Look, it hurts--that's why it's called rejection. But it's part of the job and pointless to dwell on it. You have to see it as an opportunity to do something better. I think what helps me deal with it is that I have been doing this for so long, I have enough "successes" under my belt that I can absorb whatever hits that come. If everything was getting rejected all the time, well, that would be a suggestion that I've reached my sell-by date. Not yet, but who knows?
You touch on this a little in the book, but how does your design process change when dealing with difficult political or racial issues? Have you declined work that you disagree with on moral or political grounds?
Very good question. The short answer is that, no, I have never been asked to design a book cover for a work to which I was morally opposed. I would refuse such a request. Luckily, Knopf and I seem to be aligned in this way, and have been for 30 years and counting.
Your craft is often in the service of other people's projects, working behind the scenes. Is it hard putting yourself front and center in a book like this? What's it like to be the object of critical attention?
I am narcissistic enough that I don't mind putting myself front and center (in this case), as you say it, but I also try not to take myself too seriously. That said, there is no denying that the very act of publishing a book like this is to declare: "Wow, can we believe how great I am?" But I also think that if I don't collect and record all this work in one place, no one else is going to. And if it inspires a designer or two in the process, so much the better.
There's a lot of variety to your recent work. Do you ever decline any requests out of concern that they're just not in your wheelhouse?
Every now and then, but it rarely comes up. When it does, I pass. As in, you will not see any "Self-Help" covers in Book Two, and only a few "financial advice" covers--which I did when I felt I could lend something conceptually to the projects.
One of the things I liked and appreciated about the book was that Alan Moore and Frank Miller were featured alongside Orhan Pamuk and Haruki Murakami. You seem to have such a diverse world of influences and collaborators. Looking back, do you think there are any common threads that tie your objects of admiration together?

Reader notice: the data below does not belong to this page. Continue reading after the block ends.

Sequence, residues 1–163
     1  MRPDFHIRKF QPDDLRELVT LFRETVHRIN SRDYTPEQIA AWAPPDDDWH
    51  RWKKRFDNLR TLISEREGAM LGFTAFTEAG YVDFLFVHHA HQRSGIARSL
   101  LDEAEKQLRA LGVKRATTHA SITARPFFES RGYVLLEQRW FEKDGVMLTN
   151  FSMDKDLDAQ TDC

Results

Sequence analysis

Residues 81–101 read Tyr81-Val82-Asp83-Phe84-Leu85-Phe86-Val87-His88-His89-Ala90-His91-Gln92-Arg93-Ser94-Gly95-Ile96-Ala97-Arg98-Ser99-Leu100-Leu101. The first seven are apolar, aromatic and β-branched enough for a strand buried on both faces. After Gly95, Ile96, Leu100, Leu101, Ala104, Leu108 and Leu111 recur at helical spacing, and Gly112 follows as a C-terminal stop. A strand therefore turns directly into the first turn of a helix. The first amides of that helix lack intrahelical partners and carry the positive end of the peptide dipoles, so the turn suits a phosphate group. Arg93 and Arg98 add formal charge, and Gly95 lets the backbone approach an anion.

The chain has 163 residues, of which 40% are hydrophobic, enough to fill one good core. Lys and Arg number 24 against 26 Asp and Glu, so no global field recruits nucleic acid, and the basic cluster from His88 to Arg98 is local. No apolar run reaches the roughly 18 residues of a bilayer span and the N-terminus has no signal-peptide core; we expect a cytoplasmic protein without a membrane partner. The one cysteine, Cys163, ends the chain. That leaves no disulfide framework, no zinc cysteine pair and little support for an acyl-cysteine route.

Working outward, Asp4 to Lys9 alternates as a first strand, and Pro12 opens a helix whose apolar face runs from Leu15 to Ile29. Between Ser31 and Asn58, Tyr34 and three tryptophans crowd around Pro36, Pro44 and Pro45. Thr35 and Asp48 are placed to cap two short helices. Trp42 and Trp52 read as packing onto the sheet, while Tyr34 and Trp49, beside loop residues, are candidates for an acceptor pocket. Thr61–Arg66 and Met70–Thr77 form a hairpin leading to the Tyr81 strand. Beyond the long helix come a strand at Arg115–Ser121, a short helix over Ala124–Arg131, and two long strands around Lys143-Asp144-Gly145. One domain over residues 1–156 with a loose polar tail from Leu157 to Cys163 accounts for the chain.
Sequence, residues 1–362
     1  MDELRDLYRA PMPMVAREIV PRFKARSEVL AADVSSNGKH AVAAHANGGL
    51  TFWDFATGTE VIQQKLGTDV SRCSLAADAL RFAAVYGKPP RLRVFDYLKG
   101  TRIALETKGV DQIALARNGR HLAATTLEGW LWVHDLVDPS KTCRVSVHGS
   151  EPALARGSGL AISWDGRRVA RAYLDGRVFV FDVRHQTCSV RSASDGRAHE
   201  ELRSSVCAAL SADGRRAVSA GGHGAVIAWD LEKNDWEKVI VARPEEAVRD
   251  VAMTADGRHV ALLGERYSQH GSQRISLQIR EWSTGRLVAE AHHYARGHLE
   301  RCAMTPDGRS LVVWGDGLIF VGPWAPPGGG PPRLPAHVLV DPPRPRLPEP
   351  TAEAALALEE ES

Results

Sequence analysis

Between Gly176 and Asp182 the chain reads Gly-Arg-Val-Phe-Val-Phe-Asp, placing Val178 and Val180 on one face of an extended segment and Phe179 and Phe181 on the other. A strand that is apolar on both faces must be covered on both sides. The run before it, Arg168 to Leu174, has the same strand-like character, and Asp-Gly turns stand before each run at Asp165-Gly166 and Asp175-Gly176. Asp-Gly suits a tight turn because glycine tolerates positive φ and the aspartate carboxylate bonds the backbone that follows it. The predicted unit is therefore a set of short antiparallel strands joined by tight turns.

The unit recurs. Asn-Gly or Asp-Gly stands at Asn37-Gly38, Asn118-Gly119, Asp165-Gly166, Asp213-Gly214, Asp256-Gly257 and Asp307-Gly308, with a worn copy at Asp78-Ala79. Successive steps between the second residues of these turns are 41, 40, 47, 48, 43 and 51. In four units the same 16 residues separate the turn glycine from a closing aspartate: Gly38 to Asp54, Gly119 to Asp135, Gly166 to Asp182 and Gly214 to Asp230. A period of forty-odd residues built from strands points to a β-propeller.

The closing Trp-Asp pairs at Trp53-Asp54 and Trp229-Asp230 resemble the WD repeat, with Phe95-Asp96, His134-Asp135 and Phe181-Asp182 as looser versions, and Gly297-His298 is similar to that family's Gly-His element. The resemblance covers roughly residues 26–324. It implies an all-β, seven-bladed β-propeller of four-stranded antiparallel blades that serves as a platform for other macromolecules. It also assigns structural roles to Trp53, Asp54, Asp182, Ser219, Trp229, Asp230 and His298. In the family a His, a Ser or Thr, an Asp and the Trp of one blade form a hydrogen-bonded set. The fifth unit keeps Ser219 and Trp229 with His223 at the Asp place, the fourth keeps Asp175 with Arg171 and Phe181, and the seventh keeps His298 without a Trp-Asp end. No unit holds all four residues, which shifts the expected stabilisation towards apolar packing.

Thank you--I have been so lucky to work with such a diverse group of writers and cartoonists who come from so many unrelated backgrounds. I would say the common thread is that they're all great at what they do, and I just hope I can contribute in some small way to that. --Hank Stephenson, bookseller, Flyleaf Books
The Age of Perpetual Light
by Josh Weil
Josh Weil (The Great Glass Sea) is an immense talent, a writer who can craft convincing characters, with distinct voice and ethos, and also elevate narrative language to a level of poetry. The eight stories in The Age of Perpetual Light are thematically connected by Fulbright Fellow Weil's treatment of technology, specifically the evolution of modern lighting. The collection begins with "No Flies, No Follies" and ends with "Hello from Here," both first-person tales narrated by a Jewish peddler named Yankel, who, at the start of the 20th century, falls in love with an Amish woman to whom he shows off the wonders of an electric lamp. In between these two stories, Weil explores the early- to mid-20th-century United States with "Long Bright Line," about a female painter obsessed with airplanes, and "The Essential Constituent of Modern Living Standards," about farm workers organizing against a power company. "Angle of Reflection" focuses on satellites of the late century, while "The Point of Roughness" and "Beautiful Ground" explore relationships in more modern-day settings. "The First Bad Thing" represents Weil's foray into near-future dystopian fiction in which "mirror light" provides endless daylight and crop-growing capacity for humans.